They led us into a maintenance room with a plasterboard cabin hidden inside. You had to crouch to get in, a den musky with testosterone. Condensation dripped from the ceiling and extension leads coiled like bindweed under our feet. An exit sign cast a low green light and outlines sharpened in it: a broom fixed with gaffer tape, a metal ladder, a trapdoor. We climbed on to an icy rooftop and stared up at the sky, the pitiless bowl of the universe curving over us. Everyone went quiet then. You could see stars, constellations brightening and dimming. The city was flung there, black and blue, and the dots of light were us, strewn and disconnected.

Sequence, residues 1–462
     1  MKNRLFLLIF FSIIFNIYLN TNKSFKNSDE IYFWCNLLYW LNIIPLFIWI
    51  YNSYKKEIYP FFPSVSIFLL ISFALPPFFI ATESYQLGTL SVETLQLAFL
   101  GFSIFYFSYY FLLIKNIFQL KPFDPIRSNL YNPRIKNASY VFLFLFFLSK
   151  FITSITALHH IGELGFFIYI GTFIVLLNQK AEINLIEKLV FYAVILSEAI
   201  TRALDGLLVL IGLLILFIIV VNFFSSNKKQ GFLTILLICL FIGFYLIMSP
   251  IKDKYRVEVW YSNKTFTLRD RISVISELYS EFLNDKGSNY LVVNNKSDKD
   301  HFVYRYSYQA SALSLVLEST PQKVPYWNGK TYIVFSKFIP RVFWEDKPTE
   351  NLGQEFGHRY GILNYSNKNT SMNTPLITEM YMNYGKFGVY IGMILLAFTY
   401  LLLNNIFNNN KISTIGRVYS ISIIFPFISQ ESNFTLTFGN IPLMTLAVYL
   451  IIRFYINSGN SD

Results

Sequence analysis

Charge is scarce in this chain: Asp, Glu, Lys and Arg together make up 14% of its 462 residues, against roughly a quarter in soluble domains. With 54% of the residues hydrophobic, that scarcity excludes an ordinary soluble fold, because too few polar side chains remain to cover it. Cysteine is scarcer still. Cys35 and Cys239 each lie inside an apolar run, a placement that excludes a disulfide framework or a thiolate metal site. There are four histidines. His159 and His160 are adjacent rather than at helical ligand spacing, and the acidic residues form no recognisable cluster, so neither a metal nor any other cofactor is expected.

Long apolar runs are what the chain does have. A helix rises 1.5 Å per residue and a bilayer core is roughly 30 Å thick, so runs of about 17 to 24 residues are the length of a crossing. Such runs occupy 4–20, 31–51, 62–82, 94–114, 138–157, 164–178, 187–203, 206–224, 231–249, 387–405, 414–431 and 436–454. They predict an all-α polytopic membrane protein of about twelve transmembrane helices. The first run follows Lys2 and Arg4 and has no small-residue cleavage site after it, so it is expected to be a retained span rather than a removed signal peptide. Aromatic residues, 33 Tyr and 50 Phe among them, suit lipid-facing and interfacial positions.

Bestway Cash and Carry, Goresbrook Towers.

 

The van jolts over a fractured road, we bump and bang through Portakabins and shipping containers, scrapyards and razor wire. I’ve been here before but it was daylight then, men in and out of gateways, queueing for bacon rolls in steamed-up cafés. Now there’s no one, and the sky is ink with a band of green which must be a residue from the old power stations, an afterglow or a haunting, because they shut them down decades ago.

 

A goods yard, chambers under bridges, decades of velvet soot. Idris’s phone illuminates the path in front of us, iridescent slicks of sump oil – green, blue and purple like a magpie feather or a black pearl.

 

The new settlement looms ahead, an apparition, a speckling of lights on a coal-black ground. There are fires, men gathered around them, faces illuminated like a nativity scene.